On May 4, 2015, we started up our photovoltaic generator. Here are some numbers and plots for the first month – and what I plan to do next.
Our generator has a rated power of 4,77 kWp (kilowatt peak), one module has 265 Wp. The generator would deliver 4,77 kW of electrical power under so-called standard testing conditions: An irradiance of 1000 W/m2 of light from the sun, a module temperature of 25°C, and a standard spectrum of wavelengths determined by the thickness of the atmosphere light has to traverse (Air mass – AM 1,5, equivalent to sunlight hitting the earth at an angle of about 48° from the zenith).
Our 18 panels are mounted on two different roof areas, 10 of them (2,65 kWp) oriented south-east and 8 modules (2,12 kWp) south-west. The inclination relative to the surface of the earth is 30°, the optimum angle for PV at our latitude:
Positions of our PV panels on the roof.
We aimed at using our 30° upper roof spaces most efficiently while staying below the ‘legal threshold’ of 5 kW, avoiding a more complicated procedure for obtaining a permit to install them.
The standard conditions are typically met in spring here – not in summer – as the efficiency of solar panels gets worse with increasing temperature: for our panels -0,44% of rated power per °C in temperature difference. If the temperature is 60°C, peak power (for otherwise same irradiance and spectrum) would drop by 15% . We can already see this effect, when comparing two nearly cloudless days in May and in June. The peak power is lower in the first days of June when maximum daily air temperatures were already about 30°C:
Total output power (AC) of the PV generator and input power (DC) for each string as a function of time for two days. 1) May 11 – maximum ambient air temperature 23°C. 2) June 5 – maximum ambient air temperature 30,5°C.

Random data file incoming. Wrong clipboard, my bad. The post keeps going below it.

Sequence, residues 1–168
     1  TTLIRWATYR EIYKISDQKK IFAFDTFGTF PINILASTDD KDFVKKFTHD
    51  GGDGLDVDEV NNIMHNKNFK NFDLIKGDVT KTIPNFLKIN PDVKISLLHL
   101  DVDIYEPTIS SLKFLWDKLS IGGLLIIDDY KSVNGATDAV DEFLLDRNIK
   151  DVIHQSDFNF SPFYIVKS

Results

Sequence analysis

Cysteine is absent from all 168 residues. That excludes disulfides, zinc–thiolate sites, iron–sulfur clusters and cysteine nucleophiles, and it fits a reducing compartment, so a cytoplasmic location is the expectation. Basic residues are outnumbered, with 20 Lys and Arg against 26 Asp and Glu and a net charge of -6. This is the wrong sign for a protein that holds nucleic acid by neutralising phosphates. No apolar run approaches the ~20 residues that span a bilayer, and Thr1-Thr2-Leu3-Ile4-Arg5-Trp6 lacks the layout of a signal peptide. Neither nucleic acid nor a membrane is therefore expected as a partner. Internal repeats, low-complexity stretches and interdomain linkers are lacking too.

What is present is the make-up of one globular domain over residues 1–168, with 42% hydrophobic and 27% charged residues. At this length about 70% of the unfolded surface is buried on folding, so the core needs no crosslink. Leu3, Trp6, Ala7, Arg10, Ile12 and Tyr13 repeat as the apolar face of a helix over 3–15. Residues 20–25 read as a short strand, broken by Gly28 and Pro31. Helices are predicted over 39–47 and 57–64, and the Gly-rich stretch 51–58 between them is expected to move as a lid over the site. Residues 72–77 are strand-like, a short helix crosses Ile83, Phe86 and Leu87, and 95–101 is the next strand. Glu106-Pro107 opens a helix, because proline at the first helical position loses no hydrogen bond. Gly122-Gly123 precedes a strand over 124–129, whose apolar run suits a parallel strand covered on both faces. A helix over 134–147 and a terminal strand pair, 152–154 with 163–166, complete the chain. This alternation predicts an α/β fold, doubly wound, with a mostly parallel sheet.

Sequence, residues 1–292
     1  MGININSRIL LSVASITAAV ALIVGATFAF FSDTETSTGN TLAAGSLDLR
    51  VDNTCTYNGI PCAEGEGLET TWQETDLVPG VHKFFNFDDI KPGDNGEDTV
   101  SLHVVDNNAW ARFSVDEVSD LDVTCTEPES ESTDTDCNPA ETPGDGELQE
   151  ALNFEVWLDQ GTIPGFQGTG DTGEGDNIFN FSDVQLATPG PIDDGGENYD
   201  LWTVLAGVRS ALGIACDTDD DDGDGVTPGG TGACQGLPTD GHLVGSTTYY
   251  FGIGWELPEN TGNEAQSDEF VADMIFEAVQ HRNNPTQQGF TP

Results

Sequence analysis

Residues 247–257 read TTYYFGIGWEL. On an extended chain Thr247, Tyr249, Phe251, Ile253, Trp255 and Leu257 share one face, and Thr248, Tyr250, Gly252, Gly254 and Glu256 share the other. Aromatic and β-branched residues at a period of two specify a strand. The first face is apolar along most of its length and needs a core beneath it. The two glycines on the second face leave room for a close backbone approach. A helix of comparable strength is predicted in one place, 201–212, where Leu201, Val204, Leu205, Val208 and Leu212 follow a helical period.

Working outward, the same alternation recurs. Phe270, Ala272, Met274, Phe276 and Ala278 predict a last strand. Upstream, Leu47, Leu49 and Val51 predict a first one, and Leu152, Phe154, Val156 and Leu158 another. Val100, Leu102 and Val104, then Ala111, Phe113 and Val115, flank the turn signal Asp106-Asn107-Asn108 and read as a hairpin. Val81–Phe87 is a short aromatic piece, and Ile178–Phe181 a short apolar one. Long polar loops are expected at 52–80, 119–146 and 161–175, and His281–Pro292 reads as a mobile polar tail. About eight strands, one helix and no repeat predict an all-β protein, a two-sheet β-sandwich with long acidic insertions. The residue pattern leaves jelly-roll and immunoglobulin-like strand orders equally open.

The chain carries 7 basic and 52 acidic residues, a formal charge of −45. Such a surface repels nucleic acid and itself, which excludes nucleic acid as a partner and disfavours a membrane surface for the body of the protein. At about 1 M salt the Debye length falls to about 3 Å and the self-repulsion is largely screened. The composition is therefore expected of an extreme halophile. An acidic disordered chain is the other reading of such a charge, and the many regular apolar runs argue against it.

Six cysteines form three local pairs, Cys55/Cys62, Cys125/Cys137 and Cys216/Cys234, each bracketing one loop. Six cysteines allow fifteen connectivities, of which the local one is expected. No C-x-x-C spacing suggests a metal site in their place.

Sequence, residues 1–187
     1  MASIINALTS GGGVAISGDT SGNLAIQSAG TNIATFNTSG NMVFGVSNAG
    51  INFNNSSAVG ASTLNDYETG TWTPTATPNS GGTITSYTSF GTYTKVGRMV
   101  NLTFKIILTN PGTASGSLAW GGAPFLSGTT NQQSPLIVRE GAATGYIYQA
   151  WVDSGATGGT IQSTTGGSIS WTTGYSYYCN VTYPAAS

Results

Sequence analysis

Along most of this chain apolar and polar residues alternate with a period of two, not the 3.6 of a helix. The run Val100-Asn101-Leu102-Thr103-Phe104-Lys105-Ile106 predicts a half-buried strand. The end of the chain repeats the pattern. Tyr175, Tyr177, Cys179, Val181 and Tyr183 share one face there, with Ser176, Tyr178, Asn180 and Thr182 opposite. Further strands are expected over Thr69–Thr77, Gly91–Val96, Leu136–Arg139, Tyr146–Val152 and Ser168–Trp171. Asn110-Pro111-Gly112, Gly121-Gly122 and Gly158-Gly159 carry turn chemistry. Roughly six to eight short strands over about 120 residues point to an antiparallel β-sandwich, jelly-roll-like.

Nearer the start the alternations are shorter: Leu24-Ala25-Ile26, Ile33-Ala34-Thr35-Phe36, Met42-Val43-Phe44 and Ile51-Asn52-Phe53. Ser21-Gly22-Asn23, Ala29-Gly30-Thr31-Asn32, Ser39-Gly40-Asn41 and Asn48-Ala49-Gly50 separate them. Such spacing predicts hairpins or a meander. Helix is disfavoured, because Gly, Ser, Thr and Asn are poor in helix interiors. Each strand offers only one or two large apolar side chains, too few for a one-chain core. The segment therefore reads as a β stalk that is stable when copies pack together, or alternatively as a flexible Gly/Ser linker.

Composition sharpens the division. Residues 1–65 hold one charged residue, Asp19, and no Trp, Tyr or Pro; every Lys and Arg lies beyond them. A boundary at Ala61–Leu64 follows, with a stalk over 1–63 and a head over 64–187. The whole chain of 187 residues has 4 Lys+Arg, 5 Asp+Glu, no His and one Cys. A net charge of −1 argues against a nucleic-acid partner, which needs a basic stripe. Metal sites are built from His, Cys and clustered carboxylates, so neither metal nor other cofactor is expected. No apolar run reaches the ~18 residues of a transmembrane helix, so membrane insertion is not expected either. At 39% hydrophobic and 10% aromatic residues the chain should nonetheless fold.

The temperature-dependence of performance might in part explain impressive spikes in power you see after clouds have passed: The modules have a chance to cool off, and immediately after the cloud has gone away the output power is then much higher than in case of constant irradiance. Here is a typical example of very volatile output:
Output power of our PV generator when clouds are passing. The spikes (clear sky) show a peak power much higher than the constant value on a cloudless day in May; the troughs correspond to clouds shadowing the panels. The data logger included with the inverters only logs a data point every 5 minutes, so I parsed the inverter’s website instead to grab the current power displayed there every second (Using the inverter’s Modbus TCP interface would be the more professional solution, but parsing HTTP after reverse engineering the HTML structure is usually a quick and dirty ‘universal logging interface’.)
The maximum intermittent power here was about 4,4 kW!
Another explanation for the difference is local ‘focussing’ of radiation by specific configuration of clouds reflecting more radiation into one direction: Consider a cloudless region surrounded by clouds – a hole in the clouds so to speak. Then radiation from above might be reflected at the edges of that hole at a very shallow angle, so that at some place in the sunny spot below the power might be higher than if there were no clouds at all. Here is another article about this phenomenon.
A PV expert told me that awareness of this effect changed best practices for sizing the inverter: From using one with a maximum power about 20% lower than the generator’s power a few years ago (as you hardly ever reach the rated power level with constant radiation) to one with matches the PV peak output better.